So maybe the processing of information or brain activity does have something to do with it. As adults we are responsible for so much more than a child so I would think our brains process information on multiple levels. Kids, home, work, social life, finances, etc.



posted on Jun, 28 2011 @ 08:09 AM
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Originally posted by dethduck
I think it might have to do with memory.
When you are younger, your sum knowledge and experience is proportionally much less than when you are older. As you age and gain more to fill you're memory, conscious and subconscious, the faster your brain works to process and add new ones as they occur. At least that's my thought but who knows. Perception is a tricky thing.


It could have to do with memory...

but, if your brain starts to work faster, the perception of time should become slower.
Think of a sudden adrenaline rush in an emergency situation: some people report to see things happen in slow motion exactly because their brain goes into overdrive due to the adrenaline.

hm... maybe it's because our natural adrenaline levels become lesser?



posted on Jun, 28 2011 @ 08:28 AM
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reply to post by GypsK
 


Yeah, I suppose that makes mite sense. More data to process, brain works slower.



posted on Jun, 28 2011 @ 08:33 AM
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reply to post by GypsK
 


Being quite old, I would say that the apperance of time does speed up as the looming dead end (pun intended) becomes more apparent.

Throw in the invariable things we didn't accomplish, want yet to accomplish and add the nagging mistakes along the way to where we are, and you about have it. Time is but a precept, changable according to the situation.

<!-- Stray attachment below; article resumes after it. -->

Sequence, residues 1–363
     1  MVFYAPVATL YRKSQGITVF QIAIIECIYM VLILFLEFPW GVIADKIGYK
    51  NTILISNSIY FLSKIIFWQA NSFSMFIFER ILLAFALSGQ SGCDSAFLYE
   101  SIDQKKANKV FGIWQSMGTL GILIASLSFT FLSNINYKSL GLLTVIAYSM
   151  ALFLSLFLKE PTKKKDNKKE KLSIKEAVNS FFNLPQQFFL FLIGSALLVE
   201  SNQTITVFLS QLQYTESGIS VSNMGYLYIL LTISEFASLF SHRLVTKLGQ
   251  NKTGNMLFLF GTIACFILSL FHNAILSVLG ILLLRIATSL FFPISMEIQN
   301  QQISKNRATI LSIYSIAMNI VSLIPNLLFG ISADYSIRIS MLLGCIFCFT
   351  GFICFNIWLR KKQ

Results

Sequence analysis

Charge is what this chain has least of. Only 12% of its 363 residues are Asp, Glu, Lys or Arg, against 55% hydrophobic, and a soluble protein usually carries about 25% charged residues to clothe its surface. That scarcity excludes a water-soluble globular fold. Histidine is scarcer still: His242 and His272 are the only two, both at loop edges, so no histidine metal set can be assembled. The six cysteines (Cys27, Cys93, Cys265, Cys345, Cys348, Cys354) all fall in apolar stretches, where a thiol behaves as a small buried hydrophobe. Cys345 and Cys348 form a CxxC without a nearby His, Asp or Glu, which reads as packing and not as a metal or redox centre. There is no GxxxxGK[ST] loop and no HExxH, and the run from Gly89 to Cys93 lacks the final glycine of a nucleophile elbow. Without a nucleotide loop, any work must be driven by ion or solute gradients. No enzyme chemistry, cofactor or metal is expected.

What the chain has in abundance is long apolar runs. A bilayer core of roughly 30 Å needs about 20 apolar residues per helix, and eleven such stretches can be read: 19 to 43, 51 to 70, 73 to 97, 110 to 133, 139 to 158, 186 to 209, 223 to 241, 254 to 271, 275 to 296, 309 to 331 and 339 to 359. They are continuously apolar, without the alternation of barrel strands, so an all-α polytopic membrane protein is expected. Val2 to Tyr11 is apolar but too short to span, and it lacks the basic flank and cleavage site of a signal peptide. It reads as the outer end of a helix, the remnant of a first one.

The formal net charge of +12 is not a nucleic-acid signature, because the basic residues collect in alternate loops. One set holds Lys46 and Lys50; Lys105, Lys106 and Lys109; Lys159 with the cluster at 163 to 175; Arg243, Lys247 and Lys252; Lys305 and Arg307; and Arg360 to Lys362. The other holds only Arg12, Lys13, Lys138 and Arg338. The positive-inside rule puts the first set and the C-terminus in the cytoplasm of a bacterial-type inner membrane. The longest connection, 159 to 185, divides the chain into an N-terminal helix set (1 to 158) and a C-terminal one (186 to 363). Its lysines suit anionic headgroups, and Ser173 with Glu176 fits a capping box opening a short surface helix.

posted on Jun, 28 2011 @ 08:44 AM
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hey op, i haven't read the other replies as im in a hurry but I figured this one out (or my take on it anyway) 15 years ago or so, anyway i wrote it down as I was convinced it was correct and always forget these things that we think of in those times... anyway here it is:

at 2 years old a year seems for ever because it's 50% of your life , at 20 it seems less because it's a 20th of your life, at 40 it seems less beca..... you get the idea. I guess it's all relative right!

that's my take on it anyway


just scrolled up and kosmicjack has the same idea as me... great minds think alike right!
edit on 28-6-2011 by doubledutch because: (no reason given)



posted on Jun, 28 2011 @ 08:52 AM
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reply to post by GypsK
 


I've heard this analogy, see what you think about it.

Think of an hourglass. When you first turn it, it is full. It seems to be moving slowly. As it gets towards the end, it seems to be moving much faster, and finally, you can watch the sand fall through at what seems like light speed.

Really, it's moving at the exact same speed, until the last grain of sand. We notice it more at the end, because we become aware it is running out, and we start paying more attention to it. So time is something we become aware of, which, as child, we don't give it much thought.
edit on 6/28/2011 by ladyinwaiting because: (no reason given)



posted on Jun, 28 2011 @ 08:57 AM
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I think i know this one.